I wouldn’t recommend new mix engineers use a bus compressor until they’ve mastered the art of mixing without. It’s very easy to get into a tail-chasing loop; turn up one track to get it above the rest, then turn up another track, and another… soon enough your gain reduction meter could be sitting at -20dB.

It’s not necessary to have a master bus compressor engaged if you’re shaping sounds during the early stages of a mix. But you should enable it whenever in the process you’re ready to start balancing your mix. This is especially important when you’re working on the loudest parts of a song since this is where the compressor will be pushed the hardest and you need to know how it will handle that; will the crescendo of the song be crushed at the master bus?

Engaging your master bus compressor too early can be detrimental. Say you’re adjusting the compression on a particular track. If your master bus compressor is also compressing, then you’ll be unable to judge the true effect of the track’s compressor.

Speaking of things to avoid, I strongly advise against using limiters on the master bus during mixing. For the inexperienced, they have too much potential to do damage and the tail-chasing I mentioned above usually results in more severe sonic mangling than with a compressor. If you do use them for ‘safety reasons’, it is imperative that you ensure the levels entering the limiter stay below its threshold.


UAD SSL G Buss Compressor

Universal Audio SSL G Series Bus Compressor (US$249 for UAD-2 users)

This is one of my favourite bus compressor plug-ins. Modelled on the iconic SSL 4000 G Series bus compressor (and authenticated by none other than SSL themselves), it definitely has a sound of its own. Not the most transparent compressor around and not suitable for all music, but it can certainly help you achieve some fantastic punch and focus in your mixes. 300ms release is a good place to start. Faster will produce a louder mix, but can very easily become too dense and fatiguing. Slow it down to 600ms for a less compressed, more open sound.

Slate Digital VBC Rack

Slate Digital VBC (US$249)

Virtual Buss Compressors (VBC) is a collection of three compressors that can be used individually or together in the ‘FG-Rack’ version of the plug-in. FG-Grey models an SSL 4000 G Series, but the addition of continuously-variable release and ratio controls gives access to in-between values not found on the original. FG-Red models a Focusrite Red 3 compressor, capturing the output stage transformers omitted on the currently manufactured incarnation of the Red 3. These transformers can be pushed harder with the Drive control to elicit more character. FG-MU is based on a Fairchild 670 tube compressor and it imparts quite sizeable ‘tubey’ warmth.

PSPaudioware MixPressor 2

PSPaudioware MixPressor2 (US$249 for MixPack2 bundle)

Highly under-rated, this plug-in comes as part of the MixPack2 collection. With its six knee modes and sidechain filtering, MixPressor2 is capable of a range of different sounds from hard edged to very soft compression. Make sure to set the output mode to Thru to avoid further limiting which is best left for mastering.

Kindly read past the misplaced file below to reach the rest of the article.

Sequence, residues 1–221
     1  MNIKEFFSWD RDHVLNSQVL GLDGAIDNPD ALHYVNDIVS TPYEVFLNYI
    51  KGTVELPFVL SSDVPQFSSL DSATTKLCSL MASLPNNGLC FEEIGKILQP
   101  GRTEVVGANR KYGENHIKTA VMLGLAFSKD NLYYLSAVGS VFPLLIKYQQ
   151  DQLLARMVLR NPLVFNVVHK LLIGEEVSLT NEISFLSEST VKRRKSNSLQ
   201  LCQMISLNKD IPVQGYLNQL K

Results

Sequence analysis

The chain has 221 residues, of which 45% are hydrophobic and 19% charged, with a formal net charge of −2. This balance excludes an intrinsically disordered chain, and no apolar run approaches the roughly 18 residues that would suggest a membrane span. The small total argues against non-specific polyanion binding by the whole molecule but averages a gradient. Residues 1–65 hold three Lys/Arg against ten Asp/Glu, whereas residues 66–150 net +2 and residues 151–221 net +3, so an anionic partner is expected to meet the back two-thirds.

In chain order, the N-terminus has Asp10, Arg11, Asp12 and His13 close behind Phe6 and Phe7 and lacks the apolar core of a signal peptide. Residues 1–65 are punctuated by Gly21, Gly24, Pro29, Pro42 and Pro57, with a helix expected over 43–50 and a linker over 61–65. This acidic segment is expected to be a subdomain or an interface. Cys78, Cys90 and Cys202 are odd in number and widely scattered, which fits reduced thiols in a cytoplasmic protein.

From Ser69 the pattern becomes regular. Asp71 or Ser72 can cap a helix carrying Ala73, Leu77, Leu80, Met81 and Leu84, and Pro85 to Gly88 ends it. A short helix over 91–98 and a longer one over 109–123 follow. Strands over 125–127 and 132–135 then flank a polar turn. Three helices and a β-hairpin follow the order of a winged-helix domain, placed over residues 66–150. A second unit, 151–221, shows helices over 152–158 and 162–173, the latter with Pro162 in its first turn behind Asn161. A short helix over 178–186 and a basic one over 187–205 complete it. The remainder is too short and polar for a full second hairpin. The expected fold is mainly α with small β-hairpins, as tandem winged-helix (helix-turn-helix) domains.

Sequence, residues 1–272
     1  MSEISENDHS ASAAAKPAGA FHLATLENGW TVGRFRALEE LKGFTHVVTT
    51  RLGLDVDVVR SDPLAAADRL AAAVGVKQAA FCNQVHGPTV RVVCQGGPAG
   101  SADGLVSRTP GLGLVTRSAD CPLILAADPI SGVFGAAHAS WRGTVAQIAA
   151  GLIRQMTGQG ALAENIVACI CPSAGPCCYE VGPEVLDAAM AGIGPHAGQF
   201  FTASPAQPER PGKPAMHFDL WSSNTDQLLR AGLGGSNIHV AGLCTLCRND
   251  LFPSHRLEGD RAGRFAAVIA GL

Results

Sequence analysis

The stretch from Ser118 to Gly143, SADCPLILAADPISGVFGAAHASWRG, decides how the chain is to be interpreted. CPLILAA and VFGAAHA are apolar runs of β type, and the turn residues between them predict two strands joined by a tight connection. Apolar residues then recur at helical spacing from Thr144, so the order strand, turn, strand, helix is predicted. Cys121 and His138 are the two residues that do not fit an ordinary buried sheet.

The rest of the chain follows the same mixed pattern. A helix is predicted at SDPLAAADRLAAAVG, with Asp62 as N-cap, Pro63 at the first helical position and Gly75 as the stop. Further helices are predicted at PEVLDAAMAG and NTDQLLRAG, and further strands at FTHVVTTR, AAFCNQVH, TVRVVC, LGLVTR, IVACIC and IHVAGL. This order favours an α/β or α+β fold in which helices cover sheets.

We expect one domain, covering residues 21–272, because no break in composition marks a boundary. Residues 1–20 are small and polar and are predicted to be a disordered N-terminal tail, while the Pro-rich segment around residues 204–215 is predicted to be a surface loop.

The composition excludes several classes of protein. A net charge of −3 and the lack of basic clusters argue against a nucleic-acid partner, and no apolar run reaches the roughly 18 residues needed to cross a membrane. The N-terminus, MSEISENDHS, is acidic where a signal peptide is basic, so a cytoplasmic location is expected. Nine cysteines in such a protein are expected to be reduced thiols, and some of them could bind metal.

Cytomic The Glue

Cytomic The Glue (US$99)

Heralded as the second coming of SSL’s classic bus compressor, The Glue is a more flexible beast offering an adjustable sidechain filter to avoid pumping effects caused by low frequency signals, plus wet/dry mix and gain reduction range controls not available on the original SSL unit.

TDR Feedback Compressor II

Tokyo Dawn Labs Feedback Compressor II (free)

One of the most transparent compressors I’ve ever heard, this plug-in is particularly suited to acoustic or orchestral music due to its extremely low aliasing artefacts. One interesting design feature is that only the compressed portion of the signal is oversampled. This leaves the original signal completely untouched and contributes to the plug-in’s transparency.


So is all this master bus processing the same as sending your tracks off to a mastering house? In short, no. There are unique roles a good mastering engineer plays in the production of your projects, things you probably can’t do yourself. Here are some reasons:

1) It’s generally accepted that you shouldn’t master in the same room you mix. The reason is any flaws in frequency or transient response in your listening environment (the combination of your speakers and room) will only be compounded if you attempt to master there. You can’t fix what you can’t hear, and mastering in a different space may allow you to hear problems that need correcting.

2) Mastering engineers spend much time and money establishing a superior monitoring system and listening environment. It’s not just big, expensive speakers, but also carefully planned acoustic treatments to create an accurate, full bandwidth listening room, and the ear-training that comes with years of acute listening and experience with multiple musical genres. Having on your team an experienced listener who is also an experienced communicator can help you derive the best possible outcome.

3) The over-arching role the mastering engineer plays is that of quality control. It’s their responsibility to ensure the final product is free from technical flaws. Mastering is the final chance to catch anything that may have been missed earlier in the process and, as such, it is an exercise in risk management and quality assurance.